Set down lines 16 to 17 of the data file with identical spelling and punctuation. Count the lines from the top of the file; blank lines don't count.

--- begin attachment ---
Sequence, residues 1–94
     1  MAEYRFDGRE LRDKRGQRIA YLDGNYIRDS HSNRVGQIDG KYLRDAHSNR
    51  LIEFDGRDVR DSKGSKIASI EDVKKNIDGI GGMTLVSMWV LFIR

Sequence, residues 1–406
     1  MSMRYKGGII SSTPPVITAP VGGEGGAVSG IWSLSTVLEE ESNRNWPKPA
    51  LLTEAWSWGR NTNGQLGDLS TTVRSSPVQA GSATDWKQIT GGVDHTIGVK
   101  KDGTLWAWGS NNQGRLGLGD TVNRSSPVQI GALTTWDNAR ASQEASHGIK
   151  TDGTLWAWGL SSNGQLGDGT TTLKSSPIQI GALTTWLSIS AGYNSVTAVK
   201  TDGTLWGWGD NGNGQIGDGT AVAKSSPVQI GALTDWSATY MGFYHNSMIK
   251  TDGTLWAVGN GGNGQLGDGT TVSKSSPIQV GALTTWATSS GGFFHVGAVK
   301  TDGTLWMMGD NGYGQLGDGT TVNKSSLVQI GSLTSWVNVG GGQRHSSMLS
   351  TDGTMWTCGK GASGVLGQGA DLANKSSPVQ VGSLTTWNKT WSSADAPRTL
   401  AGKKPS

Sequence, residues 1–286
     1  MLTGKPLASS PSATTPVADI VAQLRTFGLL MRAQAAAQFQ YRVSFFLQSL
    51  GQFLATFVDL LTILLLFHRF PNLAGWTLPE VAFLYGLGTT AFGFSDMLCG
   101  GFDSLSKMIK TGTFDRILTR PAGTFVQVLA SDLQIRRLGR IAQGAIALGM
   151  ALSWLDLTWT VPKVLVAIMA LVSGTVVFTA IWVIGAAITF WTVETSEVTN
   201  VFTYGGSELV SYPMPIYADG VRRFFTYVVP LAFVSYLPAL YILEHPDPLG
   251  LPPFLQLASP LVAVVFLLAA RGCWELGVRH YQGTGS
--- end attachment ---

    51  GQFLATFVDL LTILLLFHRF PNLAGWTLPE VAFLYGLGTT AFGFSDMLCG
   101  GFDSLSKMIK TGTFDRILTR PAGTFVQVLA SDLQIRRLGR IAQGAIALGM